Few of us will ever forget watching the majestic and dignified scenes of the funeral of Queen Elizabeth II on 19th September. It was an occasion which united millions of Britons in prayer, thanksgiving and reflection, as well as capturing the attention of even greater audiences watching around the world. On the Saturday evening before the funeral, I attended the Queen’s lying-in state at Westminster Hall, along with my wife Sarah, and our children Claudia and Hugo. This ancient building forms part of the Palace of Westminster and is a space I walk through each week when parliament is sitting. It has hosted the lying-in state of previous Monarchs, and it is where The Queen, as well as other world leaders, have given speeches on significant occasions. Yet for four days, in all its splendour, it brought together for the last time The Queen with her people, many of whom had queued for more than twelve hours to pay their respects. Last Sunday, I visited the queue along the south bank of the river Thames, to thank the volunteer marshals for all their hard work, and to talk to some of the people waiting in line. It all passed in good humour, and many queuing made new friends as they progressed towards Westminster.
Following the funeral, the business of government and parliament has returned. I was honoured to be re-appointed in the new government as Minister for Tech and the Digital Economy at the Department for Digital, Culture, Media and Sport. As before my focus will be on delivering our world leading Online Safety Bill, publishing our review of gambling law and driving growth and fair competition in the digital economy. On Friday this week the Chancellor of the Exchequer, Kwasi Kwarteng, whom I recently welcomed to Folkestone to meet local businesses, delivered his statement in the House of Commons, on economic growth. With the challenges we face today, as a consequence of the greatest energy crisis we have faced in generations, the government has to take bold action to protect household budgets and support businesses large and small.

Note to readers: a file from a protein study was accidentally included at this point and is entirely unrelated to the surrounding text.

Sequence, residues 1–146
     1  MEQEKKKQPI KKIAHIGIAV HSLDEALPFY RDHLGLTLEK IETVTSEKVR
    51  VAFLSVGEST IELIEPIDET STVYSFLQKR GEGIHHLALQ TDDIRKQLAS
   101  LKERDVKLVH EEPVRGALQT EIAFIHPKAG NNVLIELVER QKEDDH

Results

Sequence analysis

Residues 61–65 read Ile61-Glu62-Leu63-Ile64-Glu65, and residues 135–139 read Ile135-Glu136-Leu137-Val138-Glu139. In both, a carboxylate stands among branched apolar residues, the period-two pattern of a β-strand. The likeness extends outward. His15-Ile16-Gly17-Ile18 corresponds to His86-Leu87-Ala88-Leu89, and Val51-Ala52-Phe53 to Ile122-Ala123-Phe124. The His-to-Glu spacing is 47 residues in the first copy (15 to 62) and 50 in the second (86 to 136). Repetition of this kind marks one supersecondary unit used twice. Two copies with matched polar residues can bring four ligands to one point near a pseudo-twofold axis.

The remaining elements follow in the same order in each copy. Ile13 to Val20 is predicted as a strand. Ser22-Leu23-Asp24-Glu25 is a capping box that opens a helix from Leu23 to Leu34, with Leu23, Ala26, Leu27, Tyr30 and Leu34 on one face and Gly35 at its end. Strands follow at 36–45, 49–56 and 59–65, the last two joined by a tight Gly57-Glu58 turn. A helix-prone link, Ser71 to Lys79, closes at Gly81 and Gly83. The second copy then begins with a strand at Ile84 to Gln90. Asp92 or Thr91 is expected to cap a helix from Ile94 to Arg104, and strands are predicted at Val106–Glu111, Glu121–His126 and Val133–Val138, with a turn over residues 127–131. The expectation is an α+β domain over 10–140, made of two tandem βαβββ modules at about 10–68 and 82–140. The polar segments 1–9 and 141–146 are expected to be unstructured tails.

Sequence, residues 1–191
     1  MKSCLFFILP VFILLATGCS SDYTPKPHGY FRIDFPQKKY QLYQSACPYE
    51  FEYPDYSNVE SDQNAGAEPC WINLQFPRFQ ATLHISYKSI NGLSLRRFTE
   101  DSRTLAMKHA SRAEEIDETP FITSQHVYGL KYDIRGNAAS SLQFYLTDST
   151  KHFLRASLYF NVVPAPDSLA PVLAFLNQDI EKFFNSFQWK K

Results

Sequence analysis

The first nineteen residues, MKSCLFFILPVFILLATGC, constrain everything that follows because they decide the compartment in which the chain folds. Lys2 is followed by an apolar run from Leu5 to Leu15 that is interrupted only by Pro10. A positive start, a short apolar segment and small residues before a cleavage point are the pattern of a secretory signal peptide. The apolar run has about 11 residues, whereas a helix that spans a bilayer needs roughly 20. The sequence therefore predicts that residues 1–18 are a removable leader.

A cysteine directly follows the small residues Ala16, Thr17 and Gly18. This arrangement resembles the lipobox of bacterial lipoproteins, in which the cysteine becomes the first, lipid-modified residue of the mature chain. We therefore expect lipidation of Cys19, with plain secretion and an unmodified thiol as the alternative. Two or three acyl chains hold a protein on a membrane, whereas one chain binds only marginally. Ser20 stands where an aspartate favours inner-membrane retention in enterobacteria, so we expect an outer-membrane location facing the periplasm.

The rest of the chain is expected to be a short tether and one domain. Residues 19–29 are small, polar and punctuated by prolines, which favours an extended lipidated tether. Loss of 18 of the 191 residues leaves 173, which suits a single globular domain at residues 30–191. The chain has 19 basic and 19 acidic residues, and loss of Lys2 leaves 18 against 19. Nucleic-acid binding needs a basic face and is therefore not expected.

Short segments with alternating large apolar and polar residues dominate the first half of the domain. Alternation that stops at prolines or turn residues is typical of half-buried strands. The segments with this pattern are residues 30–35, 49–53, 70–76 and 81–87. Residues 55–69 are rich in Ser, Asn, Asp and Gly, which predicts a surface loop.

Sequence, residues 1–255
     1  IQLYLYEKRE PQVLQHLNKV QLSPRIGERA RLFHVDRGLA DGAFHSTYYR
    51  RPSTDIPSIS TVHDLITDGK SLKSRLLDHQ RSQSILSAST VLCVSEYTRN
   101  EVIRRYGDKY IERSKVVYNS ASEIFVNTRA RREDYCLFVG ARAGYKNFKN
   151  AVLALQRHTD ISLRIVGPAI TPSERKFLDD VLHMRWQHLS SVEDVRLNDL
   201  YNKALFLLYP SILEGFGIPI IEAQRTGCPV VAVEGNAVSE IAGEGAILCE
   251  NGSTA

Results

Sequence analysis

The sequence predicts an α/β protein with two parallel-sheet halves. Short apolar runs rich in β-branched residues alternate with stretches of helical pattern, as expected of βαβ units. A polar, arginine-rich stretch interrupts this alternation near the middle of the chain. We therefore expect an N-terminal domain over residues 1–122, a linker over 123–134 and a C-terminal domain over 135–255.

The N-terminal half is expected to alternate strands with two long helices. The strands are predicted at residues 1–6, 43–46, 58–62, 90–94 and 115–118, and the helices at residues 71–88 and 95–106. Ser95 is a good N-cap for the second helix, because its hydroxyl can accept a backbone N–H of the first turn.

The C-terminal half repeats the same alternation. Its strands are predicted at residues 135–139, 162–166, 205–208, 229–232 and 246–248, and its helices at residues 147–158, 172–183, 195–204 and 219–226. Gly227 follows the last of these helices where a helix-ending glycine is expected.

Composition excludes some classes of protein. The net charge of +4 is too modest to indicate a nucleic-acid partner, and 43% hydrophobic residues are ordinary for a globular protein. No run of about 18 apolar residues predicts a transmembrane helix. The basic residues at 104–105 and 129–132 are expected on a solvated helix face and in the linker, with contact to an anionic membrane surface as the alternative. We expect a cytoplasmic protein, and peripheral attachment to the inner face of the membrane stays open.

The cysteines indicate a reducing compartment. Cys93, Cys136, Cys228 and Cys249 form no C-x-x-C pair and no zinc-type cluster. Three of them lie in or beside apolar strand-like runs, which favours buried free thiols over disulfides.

New measures include cancelling the planned rise in corporation tax, keeping it the lowest in the G20 group of nations at 19%, and reversing the 1.25% rise in National Insurance contributions, a change which will save 920,000 businesses almost £10,000 on average next year. The Chancellor also announced more relief for businesses by making the Annual Investment Allowance £1 million permanently, rather than letting it return to £200,000 in March 2023. This gives 100% tax relief to businesses on their plant and machinery investments up to the higher £1 million limit. The Chancellor has also abolished the IR35 regulations for self employed people. The government is going even further to support first time buyers, who will now pay no stamp duty up to £425,000, and increasing the value of the property on which first time buyers can claim relief, from £500,000 to £625,000. The government’s Energy Price Guarantee will save the typical household £1,000 a year on their energy bill with the Energy Bill Relief Scheme halving the cost of business energy bills. The Chancellor has also introduced new cuts to income tax for all earners. Overall this statement will support people now, as well as promoting investment to grow our economy in the future.